It is Ben Franklin who is credited with saying, “… in this world nothing can be said to be certain, except death and taxes.” While some support that position, others, including Ryan Goodwin, the president of the Morgan County Commissioners, also agree with Heraclitus’s words when he said, “The only constant is change.” Goodwin sees that Morgan County is experiencing “an unleashing of change.” He thinks with responsible guidance, the momentum that is building within the county can become a great revitalization.

The Morgan County native’s vision of the future of Morgan County is one of the primary reasons Goodwin became a member of the Mooresville Council in 2007, the Morgan County Council in 2011. Then, in 2016, he took office as a Morgan County Commissioner, where he is currently serving as president.

While he was interested in pursuing this progression of service, he says the timing was outside his control. When a commissioner decided not to run for a third term, the seat became available. “If he had not retired, I would not have run for a seat on the Commission. I would have stayed in the Council,” Goodwin said. “I loved being a Council member. But it is a reality that you have a greater opportunity to shape the future of the County as a commissioner.”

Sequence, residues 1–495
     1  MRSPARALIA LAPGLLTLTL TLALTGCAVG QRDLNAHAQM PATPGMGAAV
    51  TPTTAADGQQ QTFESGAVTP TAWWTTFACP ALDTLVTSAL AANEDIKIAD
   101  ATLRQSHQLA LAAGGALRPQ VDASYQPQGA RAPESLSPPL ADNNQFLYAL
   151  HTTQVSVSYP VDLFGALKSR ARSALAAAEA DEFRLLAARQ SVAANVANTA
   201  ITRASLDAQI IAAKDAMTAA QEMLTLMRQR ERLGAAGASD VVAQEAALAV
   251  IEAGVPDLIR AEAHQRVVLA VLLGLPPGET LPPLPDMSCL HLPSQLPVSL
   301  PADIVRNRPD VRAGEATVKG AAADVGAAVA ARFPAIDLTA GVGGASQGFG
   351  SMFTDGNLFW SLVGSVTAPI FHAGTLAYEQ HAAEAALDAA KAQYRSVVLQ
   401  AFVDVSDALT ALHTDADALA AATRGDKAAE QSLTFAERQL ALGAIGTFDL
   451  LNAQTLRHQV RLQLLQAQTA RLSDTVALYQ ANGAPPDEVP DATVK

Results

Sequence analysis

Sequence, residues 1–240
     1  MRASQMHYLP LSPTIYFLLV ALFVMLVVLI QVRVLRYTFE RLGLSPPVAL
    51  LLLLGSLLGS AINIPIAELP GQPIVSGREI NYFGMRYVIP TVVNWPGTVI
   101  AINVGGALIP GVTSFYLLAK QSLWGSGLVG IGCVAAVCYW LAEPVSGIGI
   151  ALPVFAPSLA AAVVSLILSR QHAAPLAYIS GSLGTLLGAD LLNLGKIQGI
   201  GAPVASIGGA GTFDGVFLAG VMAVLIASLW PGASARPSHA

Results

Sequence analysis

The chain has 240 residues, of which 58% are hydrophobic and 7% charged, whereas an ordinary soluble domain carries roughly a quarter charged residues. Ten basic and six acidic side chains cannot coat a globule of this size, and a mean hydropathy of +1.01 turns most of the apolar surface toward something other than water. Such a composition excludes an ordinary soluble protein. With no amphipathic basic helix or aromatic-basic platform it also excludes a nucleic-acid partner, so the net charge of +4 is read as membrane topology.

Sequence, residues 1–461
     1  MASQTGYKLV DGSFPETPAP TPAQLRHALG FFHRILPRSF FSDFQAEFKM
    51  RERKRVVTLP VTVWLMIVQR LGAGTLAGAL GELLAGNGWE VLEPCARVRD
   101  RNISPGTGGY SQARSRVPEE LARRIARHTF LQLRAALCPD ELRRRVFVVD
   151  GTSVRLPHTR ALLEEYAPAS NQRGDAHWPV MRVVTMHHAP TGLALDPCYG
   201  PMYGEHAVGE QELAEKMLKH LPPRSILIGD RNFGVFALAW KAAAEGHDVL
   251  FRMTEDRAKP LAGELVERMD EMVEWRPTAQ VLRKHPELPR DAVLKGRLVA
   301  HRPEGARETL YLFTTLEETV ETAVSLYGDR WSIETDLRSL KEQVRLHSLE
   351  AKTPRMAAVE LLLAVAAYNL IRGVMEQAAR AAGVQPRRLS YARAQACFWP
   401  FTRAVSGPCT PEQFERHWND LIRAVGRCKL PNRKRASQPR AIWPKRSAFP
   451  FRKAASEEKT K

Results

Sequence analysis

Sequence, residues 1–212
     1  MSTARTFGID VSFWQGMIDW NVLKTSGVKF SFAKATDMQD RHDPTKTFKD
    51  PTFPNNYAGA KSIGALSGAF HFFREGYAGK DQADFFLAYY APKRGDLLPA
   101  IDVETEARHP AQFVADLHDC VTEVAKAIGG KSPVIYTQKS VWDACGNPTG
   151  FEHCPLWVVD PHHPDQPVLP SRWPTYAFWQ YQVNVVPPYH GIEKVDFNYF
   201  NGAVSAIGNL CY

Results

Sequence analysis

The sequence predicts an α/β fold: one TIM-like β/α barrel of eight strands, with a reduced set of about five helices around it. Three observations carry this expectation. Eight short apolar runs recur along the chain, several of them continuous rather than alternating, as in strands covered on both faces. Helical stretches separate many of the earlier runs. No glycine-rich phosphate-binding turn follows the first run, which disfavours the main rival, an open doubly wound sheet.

Goodwin was eager to take part in shaping the future of Morgan County. “The Council is a great place to serve prior to becoming a commissioner,” he said, “because you learn all the services provided and the costs and finances of the government, and I had a front row seat to watch the commission,” he said. “It provided a good background and makes for a good segue into the commissioner position. I felt confident and prepared to make the change. I felt it was a good step.”

Difference between County Council and Commissioners

While both bodies make up the government of the County, each has specific roles. Like the federal government, there is a separation of powers in county government, divided between commissioners and the council.

The Council is the fiscal body overseeing the budget, tax rates, salaries, and matters that are directly related to expenditures and purchases by the County.

Goodwin explains that the Commissioners form the executive and legislative branches. Their many responsibilities include handling personnel issues, vendor relationships, negotiating and executing contracts as well as passing local laws called ordinances.

The maintenance of infrastructure – roads and bridges – is the most common connection people make with the commissioners. In Morgan County there are 142 bridges and more than 700 miles of roadways to oversee and maintain. “Infrastructure is our biggest responsibility by cost,” Goodwin said.

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